The Rebels have stumbled twice in the opening weeks of SEC season, but that hasn't cost their place in the polls with a #17 ranking of this week. Which adds to the interest as the league-leader hosts a top-25 foe, with the rivalry aspect thrown in for good measure. Maybe the best gauge of the interest is that MSU students, who typically delay picking up their tickets until late in the week, exhausted the supply in less than two days after school resumed Tuesday. Any unused seats of season-ticket holders will be made available to a few more students after tip-off. And those unable to get in The Hump, or get to campus, can watch regionally the FSN/SUN telecast.
With an open mid-week (same as Ole Miss), Stansbury and staff have had a bit more time than usual to prepare for this matchup. State has not over-worked though; just the opposite as practice pace actually relaxed somewhat. Stansbury wanted to give injured, gimpy, or just sore Dogs some late-January rest that should pay off in the month to come. Senior F Charles Rhodes has certainly benefited from down-time on the aggravating left ankle injured in late December. He's played on and twice re-turned the ankle since but will be in the starting lineup again. Stansbury indicated today he will stay with the ‘big' lineup of Rhodes and C Jarvis Varnado in the frontcourt.
This, after State began the current eight-game winning streak with a four-guard lineup built around Varnado. "We had a three-week period playing the other way," Stansbury said. "It's been an adjustment for the players more than anybody." Then again, keeping Rhodes on the side when State and Ole Miss tip it off is almost unthinkable given the Jackson product's track record against the Rebels. Last year he scored 41 points with 15 rebounds in two games against the rivals.
State didn't have much option about going back ‘big' though when starting G Ben Hansbrough broke the third finger of his left hand in the win against Georgia. He missed one game, then played 25 minutes off the bench at Alabama with nine points off three treys. Stansbury is going to play the soph shooter again this week, but added there has to be some care taken how and when. Even his practices have been limited to drills that don't risk damaging the still-mending digit. That will continue for the coming few weeks, too.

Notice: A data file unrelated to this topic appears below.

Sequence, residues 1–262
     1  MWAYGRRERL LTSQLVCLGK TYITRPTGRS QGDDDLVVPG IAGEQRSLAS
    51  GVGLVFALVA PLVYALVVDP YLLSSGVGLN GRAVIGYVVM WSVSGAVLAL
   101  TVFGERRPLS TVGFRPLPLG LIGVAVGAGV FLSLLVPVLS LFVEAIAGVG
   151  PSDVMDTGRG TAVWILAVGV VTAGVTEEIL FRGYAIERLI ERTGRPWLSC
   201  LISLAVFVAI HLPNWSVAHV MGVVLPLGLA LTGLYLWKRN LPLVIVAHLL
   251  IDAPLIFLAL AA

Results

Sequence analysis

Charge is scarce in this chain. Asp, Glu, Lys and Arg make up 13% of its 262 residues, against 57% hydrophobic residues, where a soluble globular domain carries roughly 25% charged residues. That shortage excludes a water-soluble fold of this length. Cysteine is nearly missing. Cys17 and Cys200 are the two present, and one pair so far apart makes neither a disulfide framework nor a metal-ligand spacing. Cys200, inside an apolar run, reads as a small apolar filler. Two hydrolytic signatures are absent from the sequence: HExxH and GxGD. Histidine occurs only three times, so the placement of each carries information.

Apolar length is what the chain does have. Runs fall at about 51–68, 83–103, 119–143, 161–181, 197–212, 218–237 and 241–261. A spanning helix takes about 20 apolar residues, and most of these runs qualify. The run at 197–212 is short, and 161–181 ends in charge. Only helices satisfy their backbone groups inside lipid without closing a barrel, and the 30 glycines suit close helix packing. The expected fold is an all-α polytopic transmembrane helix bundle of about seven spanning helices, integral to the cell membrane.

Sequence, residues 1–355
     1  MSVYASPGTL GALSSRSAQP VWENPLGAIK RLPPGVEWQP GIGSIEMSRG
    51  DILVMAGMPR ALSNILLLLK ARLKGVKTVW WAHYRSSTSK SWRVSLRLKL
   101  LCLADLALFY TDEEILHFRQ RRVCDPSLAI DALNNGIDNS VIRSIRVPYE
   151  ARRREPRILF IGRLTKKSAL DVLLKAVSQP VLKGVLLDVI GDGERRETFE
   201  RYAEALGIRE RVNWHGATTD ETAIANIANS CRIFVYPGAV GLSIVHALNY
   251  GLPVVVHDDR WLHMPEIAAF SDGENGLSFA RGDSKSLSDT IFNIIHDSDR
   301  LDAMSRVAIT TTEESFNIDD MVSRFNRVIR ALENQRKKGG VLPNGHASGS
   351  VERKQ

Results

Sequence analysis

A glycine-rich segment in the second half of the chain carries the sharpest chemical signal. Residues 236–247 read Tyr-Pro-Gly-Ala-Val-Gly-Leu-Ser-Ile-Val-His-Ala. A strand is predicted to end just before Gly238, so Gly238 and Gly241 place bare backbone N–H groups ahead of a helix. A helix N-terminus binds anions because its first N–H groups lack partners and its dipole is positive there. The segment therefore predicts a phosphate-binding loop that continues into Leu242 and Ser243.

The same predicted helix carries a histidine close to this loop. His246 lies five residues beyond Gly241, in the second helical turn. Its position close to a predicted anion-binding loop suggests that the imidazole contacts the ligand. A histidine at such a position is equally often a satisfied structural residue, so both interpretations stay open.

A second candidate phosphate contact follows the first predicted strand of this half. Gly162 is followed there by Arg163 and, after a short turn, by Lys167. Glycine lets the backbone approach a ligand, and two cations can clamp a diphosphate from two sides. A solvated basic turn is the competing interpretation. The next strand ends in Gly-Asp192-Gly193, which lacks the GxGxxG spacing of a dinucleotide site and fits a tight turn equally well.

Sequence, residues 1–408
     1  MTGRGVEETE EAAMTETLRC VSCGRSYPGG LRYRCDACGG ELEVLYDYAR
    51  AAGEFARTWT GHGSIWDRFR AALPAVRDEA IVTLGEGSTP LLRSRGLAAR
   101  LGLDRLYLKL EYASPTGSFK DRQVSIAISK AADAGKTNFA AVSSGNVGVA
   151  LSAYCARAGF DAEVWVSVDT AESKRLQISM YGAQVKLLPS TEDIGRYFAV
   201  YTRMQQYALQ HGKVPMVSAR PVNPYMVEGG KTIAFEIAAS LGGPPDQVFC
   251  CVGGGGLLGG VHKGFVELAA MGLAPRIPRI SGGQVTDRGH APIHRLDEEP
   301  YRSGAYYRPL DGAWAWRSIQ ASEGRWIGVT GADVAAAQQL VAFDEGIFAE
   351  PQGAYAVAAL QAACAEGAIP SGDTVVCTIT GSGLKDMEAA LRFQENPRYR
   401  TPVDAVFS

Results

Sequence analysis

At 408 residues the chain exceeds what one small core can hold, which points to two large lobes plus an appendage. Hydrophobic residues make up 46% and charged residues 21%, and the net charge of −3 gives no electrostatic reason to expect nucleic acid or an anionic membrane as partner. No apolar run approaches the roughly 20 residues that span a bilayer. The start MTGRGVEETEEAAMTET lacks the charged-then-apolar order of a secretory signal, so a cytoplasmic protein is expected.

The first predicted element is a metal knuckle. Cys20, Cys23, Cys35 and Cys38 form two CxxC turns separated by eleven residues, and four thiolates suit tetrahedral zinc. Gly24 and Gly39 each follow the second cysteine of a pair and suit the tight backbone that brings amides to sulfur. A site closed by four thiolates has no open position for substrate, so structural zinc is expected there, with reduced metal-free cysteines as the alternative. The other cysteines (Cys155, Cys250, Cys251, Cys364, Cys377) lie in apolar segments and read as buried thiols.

"It's going to be one of those situations for a while, we'll put him in when we can to keep some kind of conditioning and rhythm up."
Speaking of rhythm, Stansbury admires what this Rebel team is doing under second-year Coach Andy Kennedy. Ole Miss is among the SEC's best shooting and scoring squads playing an up-tempo pace. But they also batter the boards with the best, and make foes work for points. "Andy has his team playing as well as any in the league," Stansbury said.
"They've got as big a frontcourt as in this league. They can score around the hole but they attack the offensive boards. And they're so big, not seven-footers but 6-8, 6-9 and big, thick bodies that go to the boards hard. Kenny Williams sees every opportunity for a missed shot to be his, Dwayne Curtis has a great set of mitts and feet. That's where it starts at."
Actually, the offense starts with Chris Warren, the freshman point guard who makes the Rebels run. Gun, too. The roster already had a couple of scorers in Eniel Polynice and David Huertas, who've stepped up into bigger sophomore roles. "But the guy that's made the difference on this team is Warren. He can shoot it, handle it, pass it. He's a scoring point guard that has the ability to pass. He's had an unbelievable year."
Aside from the obvious rivalry-and-record aspects, the technical interest in this matchup is Ole Miss' knack for putting up points against a Bulldog team that leads the league in both scoring and shooting defense. By eye-opening margins, too. State's four SEC foes have averaged just 52 points on 31% shooting, and contrary to popular perception the Bulldogs have given up the second-fewest three-point goals through four league games.
Not that State can't run and gun some, with proven producers in the backcourt and a shot-swatter in Varnado that allows the Dogs to gamble on both ends of the floor. Stansbury would rather not get in an goal-to-goal race with the Rebs but "We'll take easy baskets when we got them. When we don't, hopefully we'll be efficient."
And, more hopefully successful. Adding even more interest is State's nine-year winning streak on the home floor in this rivalry, which is both encouraging and worrisome. After all, a streak is bound to end some year. These Bulldogs just don't intend it be in 2008.
Besides, the voluble and volatile Rhodes sees this edition of the series as some unfinished business. The teams split last winter, and ended up sharing the Western Division title with no chance to ‘break' that tie. Rhodes is able to rise above the rivalry in one sense. "Last year it was Mississippi State and Ole Miss that won the Western Division. We represented Mississippi in a good way." Yet state pride ends when the state's teams line up at 4:00 Saturday.
"We've got to throw all that outside," Rhodes said.